For safety reasons, WCET will always be somewhat pessimistic. However, techniques that work well for single-core systems risk generating a WCET that is unreasonably large when applied to multicore systems, because the effects of contention can become disproportionate. The objective, therefore, is to calculate a value that is plausible and useful, without being optimistic. Optimism in relation to WCET is inherently unsafe.
It is not enough to identify how sensitive an application’s tasks are to different types and levels of interference; it is also necessary to understand what degree of interference a task may suffer in reality. It is possible to lessen the pessimism in WCET analysis by viewing the processor under observation through this paradigm.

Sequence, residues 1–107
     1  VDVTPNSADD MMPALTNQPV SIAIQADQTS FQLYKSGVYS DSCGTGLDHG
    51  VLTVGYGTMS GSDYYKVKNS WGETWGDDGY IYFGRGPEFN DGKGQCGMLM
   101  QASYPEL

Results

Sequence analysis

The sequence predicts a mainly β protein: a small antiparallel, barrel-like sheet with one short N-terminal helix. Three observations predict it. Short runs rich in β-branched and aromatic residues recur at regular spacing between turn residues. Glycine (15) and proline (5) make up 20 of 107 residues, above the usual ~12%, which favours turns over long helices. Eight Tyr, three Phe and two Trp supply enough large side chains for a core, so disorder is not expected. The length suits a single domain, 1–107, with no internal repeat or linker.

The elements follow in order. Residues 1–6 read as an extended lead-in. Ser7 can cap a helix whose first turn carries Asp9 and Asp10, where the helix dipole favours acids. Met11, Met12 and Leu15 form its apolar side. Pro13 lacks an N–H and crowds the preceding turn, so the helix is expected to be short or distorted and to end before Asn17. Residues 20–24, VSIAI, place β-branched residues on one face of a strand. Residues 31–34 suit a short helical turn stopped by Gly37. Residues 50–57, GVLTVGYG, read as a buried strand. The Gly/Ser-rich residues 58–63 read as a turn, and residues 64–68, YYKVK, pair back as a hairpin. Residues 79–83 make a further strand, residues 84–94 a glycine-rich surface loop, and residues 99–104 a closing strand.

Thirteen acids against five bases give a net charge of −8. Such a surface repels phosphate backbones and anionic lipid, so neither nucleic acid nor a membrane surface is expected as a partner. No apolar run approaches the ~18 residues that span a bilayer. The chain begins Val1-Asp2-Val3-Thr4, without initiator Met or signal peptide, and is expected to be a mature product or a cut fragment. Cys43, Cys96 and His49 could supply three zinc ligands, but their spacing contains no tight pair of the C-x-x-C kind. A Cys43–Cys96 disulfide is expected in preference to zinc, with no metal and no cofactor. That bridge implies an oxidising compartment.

The degree to which we can reduce pessimism is dependent on how effectively we can analyze the system. Factors influencing this include:
- The overhead of the tracing mechanism (which affects depth of instrumentation)
- The availability and reliability of performance counters
- The availability of information regarding other tasks executing on the system
- The quality of tests that exercise the code